• “Balls and Chukka are very credible and you feel you can do business with them but I don't know anyone who is comfortable with Miliband. Business is not comfortable with Miliband the way they were with Blair and Brown who gave them the freedom to build their businesses. Miliband's natural instincts are all on the left. He is just not interested, he cancels meetings and doesn't rebook them, he has zero interest in policies for business.”
  • “The mansion tax is going to hurt because business is built on talent and at the moment London is attracting some of the very best talent, but if you put a big drag on that you won't be getting the people you need. You make it more difficult and it can only hurt.”
  • “Ed really believes this stuff, he's the first real socialist we've seen since Kinnock.”
  • “So long as Ed Balls is there it shouldn't be too bad.”

9. They are nervous about intervening in the public debate themselves:

  • “It's hard for businesses to defend themselves against accusations without sounding like special pleading - everyone thinks, 'you would say that wouldn't you?'”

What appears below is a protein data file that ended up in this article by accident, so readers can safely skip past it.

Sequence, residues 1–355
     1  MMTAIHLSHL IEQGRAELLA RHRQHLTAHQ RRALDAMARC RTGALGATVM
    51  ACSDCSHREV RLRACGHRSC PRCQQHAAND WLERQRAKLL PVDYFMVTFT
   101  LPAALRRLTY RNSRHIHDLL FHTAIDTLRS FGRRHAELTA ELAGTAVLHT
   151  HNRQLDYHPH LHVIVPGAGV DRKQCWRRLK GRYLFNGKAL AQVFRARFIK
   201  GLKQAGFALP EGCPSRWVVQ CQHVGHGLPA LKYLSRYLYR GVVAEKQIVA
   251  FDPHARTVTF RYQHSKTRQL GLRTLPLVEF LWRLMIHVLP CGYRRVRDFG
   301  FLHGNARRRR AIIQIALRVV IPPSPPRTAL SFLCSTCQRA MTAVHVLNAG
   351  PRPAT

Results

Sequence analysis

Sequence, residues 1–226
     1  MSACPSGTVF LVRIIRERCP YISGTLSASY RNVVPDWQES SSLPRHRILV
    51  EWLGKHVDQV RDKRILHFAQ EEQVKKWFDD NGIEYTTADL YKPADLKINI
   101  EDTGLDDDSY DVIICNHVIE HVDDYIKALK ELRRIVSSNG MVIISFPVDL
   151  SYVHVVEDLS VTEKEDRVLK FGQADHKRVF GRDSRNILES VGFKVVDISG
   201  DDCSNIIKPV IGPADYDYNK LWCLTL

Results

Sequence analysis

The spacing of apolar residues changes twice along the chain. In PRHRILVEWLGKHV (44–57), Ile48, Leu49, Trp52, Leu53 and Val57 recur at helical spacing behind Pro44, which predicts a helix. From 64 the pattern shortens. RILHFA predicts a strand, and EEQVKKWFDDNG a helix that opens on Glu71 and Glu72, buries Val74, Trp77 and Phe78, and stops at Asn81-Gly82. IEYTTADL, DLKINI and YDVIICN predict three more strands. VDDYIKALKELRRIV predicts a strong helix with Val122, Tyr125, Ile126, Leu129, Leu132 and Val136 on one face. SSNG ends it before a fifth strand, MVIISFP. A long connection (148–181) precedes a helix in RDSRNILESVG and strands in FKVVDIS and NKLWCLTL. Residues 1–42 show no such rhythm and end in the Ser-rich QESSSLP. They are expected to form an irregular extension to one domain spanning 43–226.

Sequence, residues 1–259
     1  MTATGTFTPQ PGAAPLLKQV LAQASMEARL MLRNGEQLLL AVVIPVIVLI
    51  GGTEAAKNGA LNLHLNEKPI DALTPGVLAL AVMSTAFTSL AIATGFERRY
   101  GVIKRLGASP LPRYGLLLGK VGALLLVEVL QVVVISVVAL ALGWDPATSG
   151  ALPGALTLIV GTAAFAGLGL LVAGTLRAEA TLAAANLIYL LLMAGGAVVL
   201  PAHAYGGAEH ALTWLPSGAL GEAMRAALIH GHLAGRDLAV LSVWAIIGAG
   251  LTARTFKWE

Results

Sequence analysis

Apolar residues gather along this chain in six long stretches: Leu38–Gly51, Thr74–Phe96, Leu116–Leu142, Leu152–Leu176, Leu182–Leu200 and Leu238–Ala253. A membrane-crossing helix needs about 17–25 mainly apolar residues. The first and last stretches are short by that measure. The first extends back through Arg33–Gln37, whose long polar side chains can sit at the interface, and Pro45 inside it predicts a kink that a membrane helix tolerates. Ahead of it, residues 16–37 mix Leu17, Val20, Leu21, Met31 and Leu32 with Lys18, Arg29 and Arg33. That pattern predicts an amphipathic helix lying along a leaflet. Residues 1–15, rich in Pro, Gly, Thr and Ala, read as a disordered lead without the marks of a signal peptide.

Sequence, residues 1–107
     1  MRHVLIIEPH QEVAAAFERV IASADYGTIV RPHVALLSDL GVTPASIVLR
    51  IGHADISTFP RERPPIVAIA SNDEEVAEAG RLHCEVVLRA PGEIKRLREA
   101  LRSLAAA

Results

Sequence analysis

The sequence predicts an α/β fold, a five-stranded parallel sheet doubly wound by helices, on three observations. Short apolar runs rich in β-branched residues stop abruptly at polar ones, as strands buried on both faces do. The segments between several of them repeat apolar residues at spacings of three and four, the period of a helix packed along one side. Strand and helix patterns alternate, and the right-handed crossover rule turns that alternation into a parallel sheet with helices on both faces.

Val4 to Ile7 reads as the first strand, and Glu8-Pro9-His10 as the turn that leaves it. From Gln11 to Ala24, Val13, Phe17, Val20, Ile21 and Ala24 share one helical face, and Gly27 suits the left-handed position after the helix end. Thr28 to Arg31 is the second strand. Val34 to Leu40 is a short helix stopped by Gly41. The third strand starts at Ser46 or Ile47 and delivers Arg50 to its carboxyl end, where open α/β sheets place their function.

• “Of course politicians don't want to take on the job of defending business. And as we are not trusted voices and don't have the channels businesses need to identify and work with trusted third parties.”
  • “The ability of NGOs to communicate is much better than ours. Their errors are never pointed out by the media... And unlike Greenpeace I can't put 200 people in Brussels.”
  • “In the referendum campaign Alex Salmond behaved more like Putin when he threatened to harm businesses with contracts and universities with reduced funding if they spoke out, and Redwood did something similar over the EU.”

10. In spite of a nervous start, they were heartened by their effect in the Scottish referendum:

  • “There were three reasons why business failed to step up early in the referendum: first, there was complacency, the sense that it wasn't needed and was going in the right direction on its own, second there was concern that we would be someone shouted down, and third was the fear of retaliation from the SNP. This was very real, Alex Salmond was always on the phone threatening us.”
  • “Business did come out and make the points about the dangers to the Scottish economy. That worked because we were talking about things we were believed on."